The creation of the wall was a response of East Berliners/Germans seeking refuge in West Berlin where from they were able to fly out of Berlin altogether into West Germany. This exodus of citizens of the East did not bode well with its leaders who were dedicating a lot of time and energy in convincing its citizens that socialism was a superior form of government. The wall was erected on 13 August 1961 to prevent further migration to the West. It remained in place for 30 years.

It was my belief that there were so many exciting occurrences on the Cold War world stage to write about as well as the fascinating personal stories of people living between East and West Berlin. Taylor does a fine job of discussing both. The weakness of the book was his need to emphasize the drama of the events and readability of his writing. I feel that the events in their own right speak for themselves. Instead Taylor adds certain phrases that would be more suited for the low brow fiction section of that kiosk at the Tegel Airport. Without quoting the book specifically, I recall on numerous occasions that certain people did one thing or another "with devastating consequences". Or some political leader who "made a decision, a decision with grave repurcussions". In instances like these I felt Taylor was trying just a little too hard. I would have preferred to have read about these "decisions" on my own and decide for myself if a "choice - a choice he would come to regret" was truly such. Instead he was deciding for me and in a manner better suited for poorly written spy novel.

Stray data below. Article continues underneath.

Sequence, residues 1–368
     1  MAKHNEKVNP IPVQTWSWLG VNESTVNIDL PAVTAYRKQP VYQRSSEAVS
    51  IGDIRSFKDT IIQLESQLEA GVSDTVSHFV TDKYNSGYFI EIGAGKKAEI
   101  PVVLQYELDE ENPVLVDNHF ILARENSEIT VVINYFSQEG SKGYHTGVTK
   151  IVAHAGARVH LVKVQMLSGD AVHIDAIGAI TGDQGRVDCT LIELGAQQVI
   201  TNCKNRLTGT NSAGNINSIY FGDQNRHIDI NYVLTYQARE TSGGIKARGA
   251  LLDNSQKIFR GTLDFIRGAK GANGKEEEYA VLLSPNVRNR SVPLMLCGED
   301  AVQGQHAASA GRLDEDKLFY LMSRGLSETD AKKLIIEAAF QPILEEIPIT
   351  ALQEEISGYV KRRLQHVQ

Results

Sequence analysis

Overall, the book acts a decent introduction to Berlin history. It will now be up to me, or anyone else interested in this period, to seek out more specific works that dive more in-depth into the countless subjects that this book touches on but does fully address. Areas that perked my interest which I will begin investigating further are: 1) the role Moscow played during WWII, specifically in how it taught and trained future communist leaders; 2) more personal stories about those living in Berlin.